Several segments of the carefully crafted curriculum provided highlights that today remain crystallized in the minds and bodies of the participants. The Chosun Taekwondo Academy syllabus requires our students to perform the Kicho, Taegeuk, Palgwe, Kukkiwon Yudanja and Moo Duk Kwan Taekwondo poomsae as taught by Grandmaster Richard Chun, for promotion tests. Aside from these necessary formal exercises, we also offer training in the Kibon set and several ITF tuls. Yet the one hole I have repeatedly identified over the past sixteen years of our school’s existence is the exclusion of the five Pyung-An hyung. Originally created in 1902 by Anko Itosu as a vehicle for teaching Okinawan te - later karate-do - to local school children, these primordial formal exercises then known as the Pinan set and subsequently renamed Heian in Japan by Funakoshi, have intentionally or unintentionally acted as a blueprint for the creation of both the Korea Taekwondo Association Palgwe poomsae and to some extent General Choi’s Ch’ang Hon tuls. Given the environment of total immersion, undeterred by demands of work, chattering mobile devices and laptops, I decided to teach my students the first three of these seminal hyung. All participants embraced their lessons well and much to my delight, by week’s end, were executing all three with proficiency and true martial spirit although Pyung-An Sam Dan with its crescent kick - elbow block - back fist - return sequence seemed a favorite.
Moreover, physical practice in taekwondo is unquestionably essential since, first and foremost, it is an action philosophy; there is no replacement for it. Nevertheless, just as a grand mosaic with pieces missing appears incomplete, so is our art minus its historical and philosophical dimension. Consequently, on day three, I chose to offer a three-hour discourse on these vital elements of the art. Relying on a PowerPoint presentation for visual depictions of the subject matter, I provided important information on the history of Korea beginning with Ko-Chosun and the Three Kingdoms period through the Japanese Occupation and the Korean Conflict. We then moved on to the legend of Bodhidharma and the development of Okinawan te/karate-do, the creation of martial “ways”, identification of the original kwans or institutes of the early 1950s including an introduction of their founders, and concluded the session by describing the distinction between a modern combat sport and a traditional martial art.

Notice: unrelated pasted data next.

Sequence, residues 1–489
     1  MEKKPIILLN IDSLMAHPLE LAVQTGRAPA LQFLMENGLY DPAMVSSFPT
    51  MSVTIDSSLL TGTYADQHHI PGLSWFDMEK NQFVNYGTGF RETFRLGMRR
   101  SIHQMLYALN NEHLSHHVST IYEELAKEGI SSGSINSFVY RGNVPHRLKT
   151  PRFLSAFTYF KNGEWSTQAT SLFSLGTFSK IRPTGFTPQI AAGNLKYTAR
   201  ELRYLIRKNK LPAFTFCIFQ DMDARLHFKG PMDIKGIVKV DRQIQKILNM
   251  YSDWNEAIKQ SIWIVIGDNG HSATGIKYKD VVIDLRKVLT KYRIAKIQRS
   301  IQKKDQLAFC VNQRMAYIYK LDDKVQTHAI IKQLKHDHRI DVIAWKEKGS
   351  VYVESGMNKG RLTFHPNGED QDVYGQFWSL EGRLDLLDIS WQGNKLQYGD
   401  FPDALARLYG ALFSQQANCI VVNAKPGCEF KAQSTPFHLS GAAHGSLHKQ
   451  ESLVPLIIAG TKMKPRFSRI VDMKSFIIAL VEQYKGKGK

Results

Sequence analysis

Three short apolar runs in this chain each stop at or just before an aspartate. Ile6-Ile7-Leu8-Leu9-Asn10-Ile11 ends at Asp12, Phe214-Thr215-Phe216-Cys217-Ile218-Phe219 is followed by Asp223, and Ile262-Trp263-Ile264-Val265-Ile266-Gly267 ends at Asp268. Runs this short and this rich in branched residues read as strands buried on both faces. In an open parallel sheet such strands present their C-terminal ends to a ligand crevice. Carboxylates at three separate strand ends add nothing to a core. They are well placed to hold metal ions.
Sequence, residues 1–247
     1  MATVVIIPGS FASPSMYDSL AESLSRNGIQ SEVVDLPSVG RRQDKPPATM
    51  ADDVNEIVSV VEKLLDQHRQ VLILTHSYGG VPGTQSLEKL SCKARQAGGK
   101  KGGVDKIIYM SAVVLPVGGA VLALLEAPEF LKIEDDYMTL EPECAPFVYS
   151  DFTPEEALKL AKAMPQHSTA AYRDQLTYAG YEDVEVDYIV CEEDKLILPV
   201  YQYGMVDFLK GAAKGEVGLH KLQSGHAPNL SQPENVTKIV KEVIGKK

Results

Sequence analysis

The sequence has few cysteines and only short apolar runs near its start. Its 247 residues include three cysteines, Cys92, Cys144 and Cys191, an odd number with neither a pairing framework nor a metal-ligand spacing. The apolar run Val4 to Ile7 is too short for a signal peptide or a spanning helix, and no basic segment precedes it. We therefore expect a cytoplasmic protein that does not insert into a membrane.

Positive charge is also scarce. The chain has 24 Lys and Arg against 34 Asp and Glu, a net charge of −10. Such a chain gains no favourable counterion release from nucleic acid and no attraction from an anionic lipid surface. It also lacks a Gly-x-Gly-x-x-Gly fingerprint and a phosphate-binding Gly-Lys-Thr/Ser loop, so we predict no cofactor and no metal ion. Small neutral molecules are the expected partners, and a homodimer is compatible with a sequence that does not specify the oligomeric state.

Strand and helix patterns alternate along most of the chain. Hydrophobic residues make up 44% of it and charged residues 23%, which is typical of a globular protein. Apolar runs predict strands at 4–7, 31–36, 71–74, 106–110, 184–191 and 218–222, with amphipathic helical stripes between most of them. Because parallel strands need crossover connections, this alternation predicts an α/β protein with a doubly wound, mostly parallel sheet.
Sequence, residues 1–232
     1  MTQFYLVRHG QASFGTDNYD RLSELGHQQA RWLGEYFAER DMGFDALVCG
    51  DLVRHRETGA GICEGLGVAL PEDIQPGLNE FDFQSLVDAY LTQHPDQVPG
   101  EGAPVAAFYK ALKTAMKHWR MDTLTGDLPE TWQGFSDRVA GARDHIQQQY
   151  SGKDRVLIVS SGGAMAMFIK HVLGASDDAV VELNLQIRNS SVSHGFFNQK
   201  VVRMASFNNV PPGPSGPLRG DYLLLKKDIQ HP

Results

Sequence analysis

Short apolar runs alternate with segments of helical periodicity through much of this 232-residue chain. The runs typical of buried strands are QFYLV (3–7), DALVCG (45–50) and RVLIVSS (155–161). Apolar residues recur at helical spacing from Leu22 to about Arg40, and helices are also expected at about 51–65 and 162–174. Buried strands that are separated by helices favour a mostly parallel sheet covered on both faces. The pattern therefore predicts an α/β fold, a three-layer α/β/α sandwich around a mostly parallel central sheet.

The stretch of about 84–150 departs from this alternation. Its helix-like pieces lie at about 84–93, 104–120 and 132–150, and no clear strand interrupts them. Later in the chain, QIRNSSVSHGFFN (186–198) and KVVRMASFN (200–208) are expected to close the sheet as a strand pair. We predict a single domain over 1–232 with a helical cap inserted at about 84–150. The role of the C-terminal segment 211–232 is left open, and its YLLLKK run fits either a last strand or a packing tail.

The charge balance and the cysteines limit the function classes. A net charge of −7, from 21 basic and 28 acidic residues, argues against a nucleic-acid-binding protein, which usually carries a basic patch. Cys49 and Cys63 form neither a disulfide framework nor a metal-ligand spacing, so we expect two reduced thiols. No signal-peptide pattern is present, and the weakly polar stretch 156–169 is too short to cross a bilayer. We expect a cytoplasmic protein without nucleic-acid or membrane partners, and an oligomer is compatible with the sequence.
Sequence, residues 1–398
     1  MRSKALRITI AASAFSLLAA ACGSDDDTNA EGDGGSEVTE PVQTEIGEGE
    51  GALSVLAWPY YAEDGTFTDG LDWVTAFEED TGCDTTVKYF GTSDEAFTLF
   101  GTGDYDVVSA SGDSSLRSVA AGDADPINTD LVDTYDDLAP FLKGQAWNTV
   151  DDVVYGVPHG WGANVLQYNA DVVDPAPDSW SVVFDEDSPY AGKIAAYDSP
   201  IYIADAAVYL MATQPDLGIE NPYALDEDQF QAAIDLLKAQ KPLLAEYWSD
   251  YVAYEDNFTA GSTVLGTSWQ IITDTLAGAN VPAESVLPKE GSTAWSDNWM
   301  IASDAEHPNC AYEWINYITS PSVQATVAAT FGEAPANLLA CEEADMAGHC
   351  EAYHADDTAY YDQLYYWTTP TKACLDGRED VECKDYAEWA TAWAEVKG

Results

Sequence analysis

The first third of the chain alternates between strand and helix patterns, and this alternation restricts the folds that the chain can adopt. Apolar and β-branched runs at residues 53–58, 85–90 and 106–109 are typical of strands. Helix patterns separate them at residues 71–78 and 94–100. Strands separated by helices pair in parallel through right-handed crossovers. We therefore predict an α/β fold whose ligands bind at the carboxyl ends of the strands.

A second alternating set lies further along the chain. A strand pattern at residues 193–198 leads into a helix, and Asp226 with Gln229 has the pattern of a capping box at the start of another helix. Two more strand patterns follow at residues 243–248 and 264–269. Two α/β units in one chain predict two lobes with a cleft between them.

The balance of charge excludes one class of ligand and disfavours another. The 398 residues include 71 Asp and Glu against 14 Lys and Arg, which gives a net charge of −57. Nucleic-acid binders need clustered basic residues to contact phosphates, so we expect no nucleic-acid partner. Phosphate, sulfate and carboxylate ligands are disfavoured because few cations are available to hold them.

Korean technical nomenclature too was not immune to instruction. I have always held to the belief that, if a student of taekwondo wishes to “own” a particular technique, they should have the capacity to call it by its Korean name. Subsequently, we would, each day, run through a litany of terminology for basic skills; low block-arae makki, high block-olgool makki, front kick-ap chagi, horse stance-ju choom seogi, etc. Then I came upon a term that seemed to surprise many of my students: mu do. This term can be construed as “martial way”, “martial spirit”, or “Korean martial art”. We used it during the seminar in such a way as to conjure strong martial spirit and intent during the long hours of practice. When someone would notice a fellow student’s energy flagging, they would shout: “Where is your mu do!?”, and the rush of renewed ki this would elicit was almost palpable.